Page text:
• Forward conduction - An alternate I-V curve pathway uses a biasing voltage on the gate pin and a forward bias to reach the holding current without first reaching the voltage requirements of the latching current. The gate bias is a trigger: while the current meets or exceeds the holding current, there is no need to bias the gate continually. 

Turning a thyristor off requires suppressing the forward conduction so the current falls below the self-maintaining holding current. By reverse biasing the anode-cathode junction (usually accomplished with the discharge of a second thyristor to the anode), the current falls below this critical threshold in a process known as forced commutation. However, there is a time frame where a forward bias reapplied to the anode-cathode junction without a triggering bias voltage will resume forward conduction; to prevent an accidental state resumption, designers need to check the datasheet for the minimum commutation turn-off time. A newer sub-class of thyristors, called gate turn-off (GTO) thyristors, can turn off conduction with a negative bias at the gate pin.

What Circuits Benefit From Thyristor Inclusion?

Thyristor applications tend to focus on high-voltage and high AC conditions. As a switch-controlled diode, the thyristor can selectively allow conduction that could otherwise overwhelm rectification circuitry due to high-order harmonics. Zero-point (or synchronous) crossing is one method for correcting this, where a thyristor only conducts at or very close to zero volts. The sudden inrush of current and associated high voltages, if a diode were to turn on close to the peak of a periodic waveform, would carry significant noise from high-frequency spikes. This action switches between conduction and nonconduction cycles, which can vary depending on the average power needs of the system – effectively a slowed-down pulse width modulation.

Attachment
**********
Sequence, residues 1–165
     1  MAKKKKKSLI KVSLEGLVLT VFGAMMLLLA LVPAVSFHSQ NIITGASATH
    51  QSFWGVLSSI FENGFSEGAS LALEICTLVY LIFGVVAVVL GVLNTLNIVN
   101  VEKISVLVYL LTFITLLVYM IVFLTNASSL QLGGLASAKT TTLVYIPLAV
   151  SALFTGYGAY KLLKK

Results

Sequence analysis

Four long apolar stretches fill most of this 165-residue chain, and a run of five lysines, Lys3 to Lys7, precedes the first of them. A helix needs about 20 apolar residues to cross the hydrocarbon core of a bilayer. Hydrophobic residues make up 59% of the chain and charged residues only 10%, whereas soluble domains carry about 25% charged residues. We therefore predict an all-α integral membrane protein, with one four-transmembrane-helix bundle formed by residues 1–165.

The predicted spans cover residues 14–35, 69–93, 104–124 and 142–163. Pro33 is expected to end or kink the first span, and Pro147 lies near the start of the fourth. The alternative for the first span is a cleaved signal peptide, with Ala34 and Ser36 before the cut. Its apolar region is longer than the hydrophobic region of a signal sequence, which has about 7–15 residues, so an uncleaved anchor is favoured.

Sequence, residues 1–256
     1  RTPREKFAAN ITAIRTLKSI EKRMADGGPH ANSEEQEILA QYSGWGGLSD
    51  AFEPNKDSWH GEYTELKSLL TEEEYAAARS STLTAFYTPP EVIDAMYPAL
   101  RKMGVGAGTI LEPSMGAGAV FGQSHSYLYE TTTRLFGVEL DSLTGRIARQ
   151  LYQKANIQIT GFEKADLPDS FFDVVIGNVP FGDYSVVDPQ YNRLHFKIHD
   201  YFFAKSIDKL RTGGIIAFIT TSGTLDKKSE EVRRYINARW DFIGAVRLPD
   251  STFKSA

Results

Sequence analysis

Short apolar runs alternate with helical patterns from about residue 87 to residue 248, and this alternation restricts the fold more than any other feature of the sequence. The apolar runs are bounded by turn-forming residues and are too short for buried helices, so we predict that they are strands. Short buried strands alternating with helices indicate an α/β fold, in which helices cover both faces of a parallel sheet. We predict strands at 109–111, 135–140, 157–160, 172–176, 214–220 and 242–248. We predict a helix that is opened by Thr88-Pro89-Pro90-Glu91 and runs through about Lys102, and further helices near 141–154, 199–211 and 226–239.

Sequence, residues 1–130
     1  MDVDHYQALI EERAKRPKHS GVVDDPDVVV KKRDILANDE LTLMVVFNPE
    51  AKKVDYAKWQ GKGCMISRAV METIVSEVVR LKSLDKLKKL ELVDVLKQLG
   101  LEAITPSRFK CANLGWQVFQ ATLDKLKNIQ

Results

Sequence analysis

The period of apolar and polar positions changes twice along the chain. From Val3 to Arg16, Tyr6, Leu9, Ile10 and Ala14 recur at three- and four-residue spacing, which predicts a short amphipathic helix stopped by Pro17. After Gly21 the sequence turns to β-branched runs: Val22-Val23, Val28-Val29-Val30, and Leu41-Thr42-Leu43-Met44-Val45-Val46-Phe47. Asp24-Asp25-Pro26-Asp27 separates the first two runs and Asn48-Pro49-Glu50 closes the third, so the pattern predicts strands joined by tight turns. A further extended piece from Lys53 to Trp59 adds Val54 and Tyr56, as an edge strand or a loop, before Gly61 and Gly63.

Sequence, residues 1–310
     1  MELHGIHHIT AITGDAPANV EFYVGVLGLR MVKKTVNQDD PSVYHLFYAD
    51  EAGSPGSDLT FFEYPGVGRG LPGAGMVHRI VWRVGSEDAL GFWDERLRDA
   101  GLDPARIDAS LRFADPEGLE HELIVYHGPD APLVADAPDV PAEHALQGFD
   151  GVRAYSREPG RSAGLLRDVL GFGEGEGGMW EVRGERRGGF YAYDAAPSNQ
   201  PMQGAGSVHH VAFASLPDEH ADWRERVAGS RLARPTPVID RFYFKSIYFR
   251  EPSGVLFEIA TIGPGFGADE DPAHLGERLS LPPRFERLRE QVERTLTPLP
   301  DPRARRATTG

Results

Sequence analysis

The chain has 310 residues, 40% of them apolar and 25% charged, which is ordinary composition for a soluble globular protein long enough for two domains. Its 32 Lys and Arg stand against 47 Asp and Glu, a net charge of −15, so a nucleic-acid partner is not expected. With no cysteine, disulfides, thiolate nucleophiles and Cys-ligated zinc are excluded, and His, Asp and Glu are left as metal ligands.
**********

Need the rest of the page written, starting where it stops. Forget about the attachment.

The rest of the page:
However, the thyristor is not limited to AC circuits or those with high current and voltage. Many low-current/voltage circuits and DC applications benefit from a switch-controlled diode:

  • DC switching - A thyristor roughly functions as a starter in some DC motor setups, where the circuit will not complete and conduct until the thyristor switches over to forward conduction. During conduction, this start switch will have no effect; an open switch in parallel or a closed switch in series will have to close or open (respectively) to interrupt the current flow through the thyristor long enough to fall below the holding current and reset to its isolation station. While this may seem more complex than a single switch to control motor operation, the advantage of the thyristor is the low bias voltage requirements on the gate pin allow for computer control, allowing automated control of current leveraging.

  • Crowbar - A crowbar circuit offers overvoltage control for power supplies. When a sensor detects voltage above maximum safe operating values, a thyristor between the supply output and ground turns on and conducts, blowing a fuse and opening the circuit.

Cadence Has Solutions for Any Topology Imaginable

Thyristors are a fusion of semiconductor construction and function, combining BJTs at the die level to make a switch-controlled diode that has uses in controlling power systems. The isolation, safety, and control measures provided by thyristors, alongside their broad current and voltage applicability, make these devices suitable for many circuit configurations. Whatever the topology, designers need simulation environments that can thoroughly characterize components and overall circuit performance. Cadence’s PCB Design and Analysis Software gives design teams all the tools for pre-production electronic development. Coupled with the fast and powerful OrCAD PCB Designer, ECAD has never been more seamless.